• Chainalysis’ report shows that ransomware earnings are significantly down in 2022.
• This is due to victims becoming less likely to pay attackers, as well as the introduction of more efficient ransomware defense systems.
• Even though the true totals of ransomware attacks remain unknown, it’s clear that the industry is changing.
The first half of 2022 has been uniquely chaotic and tumultuous. One of the major developments has been the rise of ransomware attacks, which have caused great damage to the cryptocurrency industry. However, blockchain analytics company Chainalysis recently released a report which shows that ransomware revenue has dropped significantly in the same period.
Chainalysis studied the ransomware industry and its evolution over the first half of 2022. It found that over 10,000 unique ransomware strains were active during this time. This was corroborated by on-chain data which showed a significant increase in the number of ransomware attacks. Unfortunately, this also meant that the number of victims increased.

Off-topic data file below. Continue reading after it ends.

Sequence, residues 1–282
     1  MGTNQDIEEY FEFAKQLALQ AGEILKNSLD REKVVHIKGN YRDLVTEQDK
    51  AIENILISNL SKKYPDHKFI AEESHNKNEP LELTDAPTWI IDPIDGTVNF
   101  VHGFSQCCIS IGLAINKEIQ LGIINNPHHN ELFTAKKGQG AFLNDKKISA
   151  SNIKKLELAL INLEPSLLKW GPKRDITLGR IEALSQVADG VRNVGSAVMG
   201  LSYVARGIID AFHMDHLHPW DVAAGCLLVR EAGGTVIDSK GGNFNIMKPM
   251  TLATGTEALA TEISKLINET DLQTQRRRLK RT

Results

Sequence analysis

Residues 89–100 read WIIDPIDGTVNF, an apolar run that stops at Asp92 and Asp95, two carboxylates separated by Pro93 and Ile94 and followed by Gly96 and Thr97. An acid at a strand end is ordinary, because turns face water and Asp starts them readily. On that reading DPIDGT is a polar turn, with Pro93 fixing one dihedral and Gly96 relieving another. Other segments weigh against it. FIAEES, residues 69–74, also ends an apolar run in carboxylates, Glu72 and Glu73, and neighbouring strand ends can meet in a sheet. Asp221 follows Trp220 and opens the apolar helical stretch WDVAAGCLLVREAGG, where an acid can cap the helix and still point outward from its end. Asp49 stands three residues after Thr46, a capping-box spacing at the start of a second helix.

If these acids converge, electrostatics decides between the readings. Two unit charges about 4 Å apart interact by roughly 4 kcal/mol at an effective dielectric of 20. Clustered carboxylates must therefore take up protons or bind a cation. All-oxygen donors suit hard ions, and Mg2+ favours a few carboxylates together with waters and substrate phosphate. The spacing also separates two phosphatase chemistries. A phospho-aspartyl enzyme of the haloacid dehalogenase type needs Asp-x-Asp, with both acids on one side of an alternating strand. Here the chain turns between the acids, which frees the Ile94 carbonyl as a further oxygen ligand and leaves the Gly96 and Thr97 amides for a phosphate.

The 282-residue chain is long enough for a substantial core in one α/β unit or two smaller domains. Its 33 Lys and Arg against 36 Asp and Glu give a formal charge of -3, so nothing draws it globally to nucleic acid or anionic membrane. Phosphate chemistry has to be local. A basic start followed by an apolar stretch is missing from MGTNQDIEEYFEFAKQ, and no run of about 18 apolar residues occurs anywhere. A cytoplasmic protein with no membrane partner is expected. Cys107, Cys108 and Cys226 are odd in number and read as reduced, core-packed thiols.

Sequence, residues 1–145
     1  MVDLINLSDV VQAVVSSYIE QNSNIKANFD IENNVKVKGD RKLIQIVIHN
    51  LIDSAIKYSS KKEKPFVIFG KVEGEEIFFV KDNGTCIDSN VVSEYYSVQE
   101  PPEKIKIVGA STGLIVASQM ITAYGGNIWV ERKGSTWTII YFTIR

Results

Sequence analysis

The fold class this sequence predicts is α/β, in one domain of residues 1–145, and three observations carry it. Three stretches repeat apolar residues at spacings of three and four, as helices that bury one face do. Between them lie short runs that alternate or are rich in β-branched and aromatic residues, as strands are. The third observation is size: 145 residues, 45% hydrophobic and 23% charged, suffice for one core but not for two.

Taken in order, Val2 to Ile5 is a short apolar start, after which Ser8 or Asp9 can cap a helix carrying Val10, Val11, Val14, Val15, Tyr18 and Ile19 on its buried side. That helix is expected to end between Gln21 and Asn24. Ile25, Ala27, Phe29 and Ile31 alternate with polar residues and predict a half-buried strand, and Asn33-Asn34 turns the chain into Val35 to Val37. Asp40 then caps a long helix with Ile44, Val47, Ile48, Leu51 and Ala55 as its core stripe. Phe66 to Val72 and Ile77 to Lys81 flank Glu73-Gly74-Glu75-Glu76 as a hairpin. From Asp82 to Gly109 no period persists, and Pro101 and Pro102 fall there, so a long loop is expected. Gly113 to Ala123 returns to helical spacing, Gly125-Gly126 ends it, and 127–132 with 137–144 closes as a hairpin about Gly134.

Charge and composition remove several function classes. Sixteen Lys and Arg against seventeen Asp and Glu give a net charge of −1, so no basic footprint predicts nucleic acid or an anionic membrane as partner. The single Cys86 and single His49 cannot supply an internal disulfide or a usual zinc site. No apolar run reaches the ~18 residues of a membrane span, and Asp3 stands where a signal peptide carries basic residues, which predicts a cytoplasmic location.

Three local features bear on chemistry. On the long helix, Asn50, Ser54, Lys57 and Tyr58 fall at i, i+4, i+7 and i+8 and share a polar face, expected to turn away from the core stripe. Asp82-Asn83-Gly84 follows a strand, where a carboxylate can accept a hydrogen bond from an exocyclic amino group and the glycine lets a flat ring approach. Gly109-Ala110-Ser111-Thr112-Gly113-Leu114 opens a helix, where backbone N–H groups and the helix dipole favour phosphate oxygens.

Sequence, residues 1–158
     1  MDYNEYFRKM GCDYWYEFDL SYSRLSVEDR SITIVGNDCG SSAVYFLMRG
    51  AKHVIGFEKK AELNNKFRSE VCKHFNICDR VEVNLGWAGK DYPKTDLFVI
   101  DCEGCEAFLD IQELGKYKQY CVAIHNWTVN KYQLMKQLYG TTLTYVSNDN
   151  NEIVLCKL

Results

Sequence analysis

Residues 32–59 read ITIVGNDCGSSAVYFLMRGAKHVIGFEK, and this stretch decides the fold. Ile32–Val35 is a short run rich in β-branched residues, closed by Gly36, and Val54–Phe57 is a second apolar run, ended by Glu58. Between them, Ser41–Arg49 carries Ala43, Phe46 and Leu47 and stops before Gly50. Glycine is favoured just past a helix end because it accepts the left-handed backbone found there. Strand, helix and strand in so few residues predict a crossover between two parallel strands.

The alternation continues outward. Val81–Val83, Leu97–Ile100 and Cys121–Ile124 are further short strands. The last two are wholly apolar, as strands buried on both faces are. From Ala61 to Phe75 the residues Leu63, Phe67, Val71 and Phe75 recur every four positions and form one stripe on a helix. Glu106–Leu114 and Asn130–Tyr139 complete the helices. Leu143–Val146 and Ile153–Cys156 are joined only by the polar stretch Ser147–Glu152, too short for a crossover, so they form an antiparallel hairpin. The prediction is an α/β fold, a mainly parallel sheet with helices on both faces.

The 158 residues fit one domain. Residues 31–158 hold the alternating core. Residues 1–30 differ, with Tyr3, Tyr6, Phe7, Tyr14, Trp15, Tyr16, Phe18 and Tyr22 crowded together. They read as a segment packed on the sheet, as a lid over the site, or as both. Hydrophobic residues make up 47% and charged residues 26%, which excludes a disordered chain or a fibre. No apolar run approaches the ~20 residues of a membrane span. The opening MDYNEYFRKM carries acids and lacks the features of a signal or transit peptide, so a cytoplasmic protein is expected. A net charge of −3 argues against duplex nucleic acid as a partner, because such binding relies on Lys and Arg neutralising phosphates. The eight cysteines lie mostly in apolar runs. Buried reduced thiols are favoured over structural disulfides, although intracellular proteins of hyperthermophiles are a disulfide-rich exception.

However, the report also revealed a more encouraging trend – victims are becoming less willing to pay attackers. This could be due to the introduction of more efficient ransomware defense systems, which have made it more difficult for attackers to successfully extort money from their victims. As a result, ransomware revenue has dropped significantly in the first half of 2022.
Chainalysis acknowledged that the true totals of ransomware attacks could be much higher than what is reported. However, it is clear that the industry is changing, and victims are becoming less reluctant to pay up. This could be a sign of the times, as people become more aware of the risks associated with ransomware attacks and take steps to protect themselves.
Overall, Chainalysis’ report paints a promising picture of the ransomware industry in 2022. The fact that victims are becoming less likely to pay up means that attackers will have to invest more resources in order to be successful. This could mean that the number of ransomware attacks will start to decline in the coming months, as attackers become less incentivized to carry out attacks.